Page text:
Sorry to hear that you've created 4 different sparse bundles for your TM backups of a single disk. Sometimes TM thinks that the original backup disk is not available. If you are backing up to an attached external drive, then if you attach a different drive with the same name, this will confuse TM. But it sounds like you were using a networked backup drive attached to your AE. In this case, if your network has changed, then TM will get confused and think it can't reach its backup disk. For instance, sometimes my DNS server will die unexpectantly and then I have to refer to various machine by their IP addresses (e.g., instead of by their DNS hostnames (e.g. myserver.private). If TM tried to start a backup when this DNS problem was occurring, then TM gets confused and can't find its backup disk. If you aren't running your own DNS server but are using DHCP to assign LAN IP addresses, then are you using DHCP with Reservations so that machines and networked disks have the same IP address always? If not, then if the IP addresses ever change TM will get confused.

    So, do you have other external disks with the same name? If so, I would recommend changing the names so that all disks have unique names. If you are running your own DNS server, check that it is working properly. If you are assigning your own LAN IP addresses using DHCP, make sure you use Reservations to assign IPs consistently to the same machines and network drives.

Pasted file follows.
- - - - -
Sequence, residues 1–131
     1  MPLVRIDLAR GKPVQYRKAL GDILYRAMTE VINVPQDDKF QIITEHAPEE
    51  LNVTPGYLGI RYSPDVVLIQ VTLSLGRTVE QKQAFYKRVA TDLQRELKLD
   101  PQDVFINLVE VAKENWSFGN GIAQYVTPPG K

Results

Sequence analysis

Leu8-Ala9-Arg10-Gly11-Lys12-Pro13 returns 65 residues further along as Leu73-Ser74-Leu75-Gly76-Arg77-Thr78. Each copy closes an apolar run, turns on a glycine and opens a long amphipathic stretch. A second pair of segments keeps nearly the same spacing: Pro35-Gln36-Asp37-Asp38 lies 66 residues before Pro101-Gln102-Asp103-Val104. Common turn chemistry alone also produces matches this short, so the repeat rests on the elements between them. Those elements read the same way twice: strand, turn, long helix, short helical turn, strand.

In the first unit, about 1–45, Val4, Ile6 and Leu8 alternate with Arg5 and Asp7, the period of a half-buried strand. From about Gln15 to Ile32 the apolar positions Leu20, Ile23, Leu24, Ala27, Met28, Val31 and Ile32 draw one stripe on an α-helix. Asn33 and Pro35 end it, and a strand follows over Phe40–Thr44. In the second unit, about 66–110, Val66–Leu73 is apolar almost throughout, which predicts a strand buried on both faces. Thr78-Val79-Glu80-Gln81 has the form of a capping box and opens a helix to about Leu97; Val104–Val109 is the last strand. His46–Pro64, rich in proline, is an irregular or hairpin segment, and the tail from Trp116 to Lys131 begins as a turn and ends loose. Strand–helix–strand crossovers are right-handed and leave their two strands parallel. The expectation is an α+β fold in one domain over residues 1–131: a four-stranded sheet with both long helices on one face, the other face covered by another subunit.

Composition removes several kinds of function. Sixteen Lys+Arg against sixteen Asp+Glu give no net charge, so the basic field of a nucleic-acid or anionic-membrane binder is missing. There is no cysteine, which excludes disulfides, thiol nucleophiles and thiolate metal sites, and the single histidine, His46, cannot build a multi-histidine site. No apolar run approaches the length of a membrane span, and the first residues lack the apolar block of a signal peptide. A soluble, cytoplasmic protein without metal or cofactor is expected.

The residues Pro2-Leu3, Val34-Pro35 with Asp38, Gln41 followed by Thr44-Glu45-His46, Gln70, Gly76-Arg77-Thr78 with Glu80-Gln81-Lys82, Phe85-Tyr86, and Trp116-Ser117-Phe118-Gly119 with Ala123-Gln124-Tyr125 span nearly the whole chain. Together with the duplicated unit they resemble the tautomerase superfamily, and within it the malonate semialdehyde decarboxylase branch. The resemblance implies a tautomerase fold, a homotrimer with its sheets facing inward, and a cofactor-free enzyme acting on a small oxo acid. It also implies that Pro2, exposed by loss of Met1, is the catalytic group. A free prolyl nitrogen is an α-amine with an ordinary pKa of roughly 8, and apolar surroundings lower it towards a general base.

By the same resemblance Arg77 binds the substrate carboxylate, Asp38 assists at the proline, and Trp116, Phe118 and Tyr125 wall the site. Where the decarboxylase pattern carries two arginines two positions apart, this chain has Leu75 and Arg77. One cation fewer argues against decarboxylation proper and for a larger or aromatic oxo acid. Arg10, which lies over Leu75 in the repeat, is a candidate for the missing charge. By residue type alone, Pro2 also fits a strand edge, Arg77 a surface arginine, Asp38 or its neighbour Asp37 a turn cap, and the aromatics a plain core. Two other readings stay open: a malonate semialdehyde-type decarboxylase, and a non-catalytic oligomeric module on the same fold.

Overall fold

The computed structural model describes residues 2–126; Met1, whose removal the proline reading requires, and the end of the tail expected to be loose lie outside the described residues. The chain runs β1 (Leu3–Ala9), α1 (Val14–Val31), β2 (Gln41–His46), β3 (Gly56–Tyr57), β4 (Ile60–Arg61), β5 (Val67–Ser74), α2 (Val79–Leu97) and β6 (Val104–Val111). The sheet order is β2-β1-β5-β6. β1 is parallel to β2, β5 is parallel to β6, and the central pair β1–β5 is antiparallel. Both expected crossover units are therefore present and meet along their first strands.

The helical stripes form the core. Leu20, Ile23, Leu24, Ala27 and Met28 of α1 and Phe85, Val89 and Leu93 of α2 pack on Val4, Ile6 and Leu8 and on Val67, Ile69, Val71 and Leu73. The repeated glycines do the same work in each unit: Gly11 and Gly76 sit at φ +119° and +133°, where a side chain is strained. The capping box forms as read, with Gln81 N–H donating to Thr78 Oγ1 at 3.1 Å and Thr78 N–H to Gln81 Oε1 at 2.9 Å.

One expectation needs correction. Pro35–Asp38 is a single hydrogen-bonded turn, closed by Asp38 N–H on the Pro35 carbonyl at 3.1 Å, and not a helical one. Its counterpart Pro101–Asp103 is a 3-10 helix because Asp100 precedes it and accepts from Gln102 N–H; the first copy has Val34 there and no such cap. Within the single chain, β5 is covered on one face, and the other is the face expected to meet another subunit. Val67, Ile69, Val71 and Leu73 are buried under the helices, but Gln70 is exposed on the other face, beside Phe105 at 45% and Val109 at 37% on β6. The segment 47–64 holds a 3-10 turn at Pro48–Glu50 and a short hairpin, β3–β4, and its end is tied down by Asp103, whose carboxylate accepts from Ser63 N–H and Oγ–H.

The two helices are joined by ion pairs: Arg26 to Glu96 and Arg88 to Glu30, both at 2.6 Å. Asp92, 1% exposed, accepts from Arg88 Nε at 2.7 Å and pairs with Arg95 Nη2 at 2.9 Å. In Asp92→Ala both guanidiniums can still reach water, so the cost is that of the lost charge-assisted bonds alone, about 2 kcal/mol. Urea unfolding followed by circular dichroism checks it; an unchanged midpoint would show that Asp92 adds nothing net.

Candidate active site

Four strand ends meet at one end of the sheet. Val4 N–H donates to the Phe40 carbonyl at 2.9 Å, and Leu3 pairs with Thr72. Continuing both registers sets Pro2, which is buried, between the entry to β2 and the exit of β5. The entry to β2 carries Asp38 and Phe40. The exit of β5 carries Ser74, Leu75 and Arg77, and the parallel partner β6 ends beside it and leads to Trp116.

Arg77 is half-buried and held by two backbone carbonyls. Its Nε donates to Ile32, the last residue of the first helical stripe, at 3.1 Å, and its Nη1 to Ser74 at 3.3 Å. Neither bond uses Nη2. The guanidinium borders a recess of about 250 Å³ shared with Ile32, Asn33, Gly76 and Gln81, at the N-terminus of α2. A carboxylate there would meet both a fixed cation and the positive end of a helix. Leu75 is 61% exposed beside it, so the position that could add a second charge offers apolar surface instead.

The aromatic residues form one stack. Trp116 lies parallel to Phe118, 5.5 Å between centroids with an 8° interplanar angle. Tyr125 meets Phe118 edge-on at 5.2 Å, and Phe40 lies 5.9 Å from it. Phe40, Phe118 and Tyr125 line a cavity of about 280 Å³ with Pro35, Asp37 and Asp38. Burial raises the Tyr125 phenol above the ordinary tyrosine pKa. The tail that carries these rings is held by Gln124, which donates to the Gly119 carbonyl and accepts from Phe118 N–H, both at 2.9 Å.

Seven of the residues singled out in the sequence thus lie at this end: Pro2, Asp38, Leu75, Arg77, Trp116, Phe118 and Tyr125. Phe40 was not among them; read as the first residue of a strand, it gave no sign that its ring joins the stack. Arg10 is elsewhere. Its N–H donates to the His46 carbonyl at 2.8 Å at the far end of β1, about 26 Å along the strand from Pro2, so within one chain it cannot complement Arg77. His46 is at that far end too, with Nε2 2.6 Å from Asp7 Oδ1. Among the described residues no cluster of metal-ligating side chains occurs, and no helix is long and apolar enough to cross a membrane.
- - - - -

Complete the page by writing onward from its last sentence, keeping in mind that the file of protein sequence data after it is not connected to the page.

Now to solve your 4 sparse bundle problem. It is possible to redirect where TM restores its files from a given sparse bundle. Thus, in theory, you could use TM for sparse bundle 1 and restore to disk 1, sparse bundle 2 restored to disk 2, bundle 3 to disk 3, and sparse bundle 4 to disk 4. You now have four files systems (really time-dependent copies of the file system on your computer) on four different disks. You could then, in theory, use some tool, like rsync, to merge these file systems into one file system with all of the latest copies and all of the past files that are currently deleted. You could then make a sparse bundle from this pseudo-merged single filesystem that then retains old deleted files. Use this sparse bundle for all future TM backups. It's not perfect, but at least you haven't lost file that you have deleted in the past. It's not perfect because you only are keeping the latest revision of your modified files, not all revisions.